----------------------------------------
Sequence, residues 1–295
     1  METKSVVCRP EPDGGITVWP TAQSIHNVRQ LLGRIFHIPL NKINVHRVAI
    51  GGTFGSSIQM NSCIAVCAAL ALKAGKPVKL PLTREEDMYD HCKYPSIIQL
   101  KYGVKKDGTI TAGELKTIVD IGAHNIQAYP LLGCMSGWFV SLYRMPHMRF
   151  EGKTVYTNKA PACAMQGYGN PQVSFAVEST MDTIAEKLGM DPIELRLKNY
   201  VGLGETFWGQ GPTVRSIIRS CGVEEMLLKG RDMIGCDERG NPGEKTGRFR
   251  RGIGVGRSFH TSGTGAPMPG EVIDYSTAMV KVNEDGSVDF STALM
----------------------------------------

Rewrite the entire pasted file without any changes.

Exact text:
Sequence, residues 1–295
     1  METKSVVCRP EPDGGITVWP TAQSIHNVRQ LLGRIFHIPL NKINVHRVAI
    51  GGTFGSSIQM NSCIAVCAAL ALKAGKPVKL PLTREEDMYD HCKYPSIIQL
   101  KYGVKKDGTI TAGELKTIVD IGAHNIQAYP LLGCMSGWFV SLYRMPHMRF
   151  EGKTVYTNKA PACAMQGYGN PQVSFAVEST MDTIAEKLGM DPIELRLKNY
   201  VGLGETFWGQ GPTVRSIIRS CGVEEMLLKG RDMIGCDERG NPGEKTGRFR
   251  RGIGVGRSFH TSGTGAPMPG EVIDYSTAMV KVNEDGSVDF STALM